Wasei King Kong was released one month after the original King Kong and Edo ni Arawareta King Kong was released five years later. Their master copies are both considered lost and they cannot be seen today. It is said that Kong in the former film was played by a suit actor and that the one in the latter was a human-sized Kaiju.
When Tsuburaya was appointed special effects director for King Kong vs Godzilla in 1962 and King Kong no Gyakushu (King Kong Escapes) in 1967, he made the most of what he studied then. The list of homages to King Kong in later films is endless. They include a scene in which the first Godzilla overturned a train in Shinagawa Station and the full-scale arm of Gaira actually built to grab people for Frankenstein no Kaiju: Sanda vs Gaira (War of the Gargantuas) (1966).
I only touched on him as the topic would sidetrack me. Willis O’Brien was one of the stop motion animation pioneers. He made animations utilizing his stop motion techniques from the silent film era. He was a great technician, who some might call the father of all the Kaiju. He was awarded an Oscar for Best Visual Effects for Mighty Joe Young.
All those films, except for the first two works, were directed by Bert I. Gordon. Gordon was nicknamed Mister B.I.G. as he made many giant monster films. Most of his works were produced by filming live creatures like insects with photographs of sceneries, which created distinctive, impressive pictures.
In the film, Godzilla was described as “a creature somewhere between a marine reptile and a land beast that had occasionally lived from the Jurassic to the Cretaceous.” Such a creature does not exist. Godzilla, as its birth already suggests, is the epitome of a “mysterious creature.”
Flickering is caused because the object to be filmed remains still unlike something actually moving. It was a technical drawback inherent in stop motion animation but it was later overcome by technical innovation by Jim Danforth, Phil Tippett and other successors. In quite a few cases, the jerky, choppy movements produced a favorable effect on the contrary.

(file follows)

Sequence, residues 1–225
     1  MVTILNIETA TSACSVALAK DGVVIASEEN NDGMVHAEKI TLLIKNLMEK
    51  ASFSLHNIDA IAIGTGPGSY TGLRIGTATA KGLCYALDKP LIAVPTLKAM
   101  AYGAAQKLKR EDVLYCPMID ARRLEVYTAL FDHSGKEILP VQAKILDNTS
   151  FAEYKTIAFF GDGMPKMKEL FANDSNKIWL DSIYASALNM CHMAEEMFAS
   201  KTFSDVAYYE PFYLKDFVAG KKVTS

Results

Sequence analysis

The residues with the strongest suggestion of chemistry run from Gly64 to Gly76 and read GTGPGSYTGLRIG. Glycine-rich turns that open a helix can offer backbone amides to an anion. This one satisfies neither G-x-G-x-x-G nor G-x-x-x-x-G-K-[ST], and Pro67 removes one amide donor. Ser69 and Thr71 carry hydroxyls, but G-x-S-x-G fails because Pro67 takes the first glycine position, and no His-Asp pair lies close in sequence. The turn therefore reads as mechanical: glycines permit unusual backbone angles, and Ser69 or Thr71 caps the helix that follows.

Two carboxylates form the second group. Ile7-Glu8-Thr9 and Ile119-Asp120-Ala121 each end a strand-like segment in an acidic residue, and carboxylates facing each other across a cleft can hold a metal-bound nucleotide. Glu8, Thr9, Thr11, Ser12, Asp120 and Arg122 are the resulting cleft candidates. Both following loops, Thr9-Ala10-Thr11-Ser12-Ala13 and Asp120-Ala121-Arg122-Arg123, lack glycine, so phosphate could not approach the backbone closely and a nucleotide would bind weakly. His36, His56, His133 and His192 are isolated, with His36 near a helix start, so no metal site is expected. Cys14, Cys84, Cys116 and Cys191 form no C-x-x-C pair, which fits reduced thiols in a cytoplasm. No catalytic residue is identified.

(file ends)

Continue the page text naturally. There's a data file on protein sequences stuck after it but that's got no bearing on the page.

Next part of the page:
Harryhauzen used an extremely time-consuming process. He hung debris of buildings piece by piece with wires and depicted their falls by stop motion animation. The use of miniatures was limited to a minimum because of a reduced budget and a large set like those used in Japanese special effects films was not built. Special effects, whether it uses stop motion or suit actors, require time and money.
Some Kaiju characters in Ultraman series were not living things but rather spiritual. For example, Hydra was gone with the soul of a boy killed in a traffic accident. Woo was the reincarnation of a mother who died leaving a small daughter behind. In subsequent Ultra series, yokai-like Kaiju characters also appeared. Those included Mochiron which embodied Terrans’ fantasy notion that a rabbit is pounding mochi (rice cake) on the moon, Enmargo sealed in a jizo (Ksitigarbha) statue, and Jihibikiran resembling Kintaro (Golden Boy), a fairy tale character, that was the disguised god of sumo.
Darii in Ultraseven was a kind of space germ inhabiting human lungs. Ballonga absorbing energy and growing infinitely appeared in Ultra Q. Vacuumon in Return of Ultraman was a nebula-like creature that sucked energy from planets.
Before Mobile Suit Gundam, giant robot anime series were about cyborg Kaiju sent by invaders and robots piloted by young defenders of justice to fight against the invaders’ Kaiju. Mobile Suit Gundam broke the stereotype. Robots, which were mobile suits, were treated as a tool of war between humans. It pioneered the trend for realistic robot anime that followed. Mobile suits such as Zaku and Gouf were classified as Kaiju in the 1980 and 1981 editions of Zen Kaiju Kaijin Daihyakka (All Kaiju Kaijin encyclopedia) published by Keibunsha in an attempt to cover all the Kaiju characters appearing in Japanese special effects films, TV shows and anime series.
Those Kaiju characters were Maetake Kaiju Berobero modeled on the MC Takehiko Maeda and Macha-aki Kaiju Garigari modeled on the other MC Masaaki Sakai. Although the show didn’t last long, their PVC figures, typical Kaiju toys, and their pictures were put on the market. Those characters are still known to some enthusiasts.
There are some exceptions, such as Captain Ultra set in the space pioneer era in the 21st centry (1967), Kamen no Ninja Akakage (masked ninja Akakage) depicting ninja heroes in the age of provincial wars in Japan (1967), and Majin Hunter Mitsurugi (Demon hunter Mitsurugi) supposing that aliens invaded the Earth in the Edo Period (1973).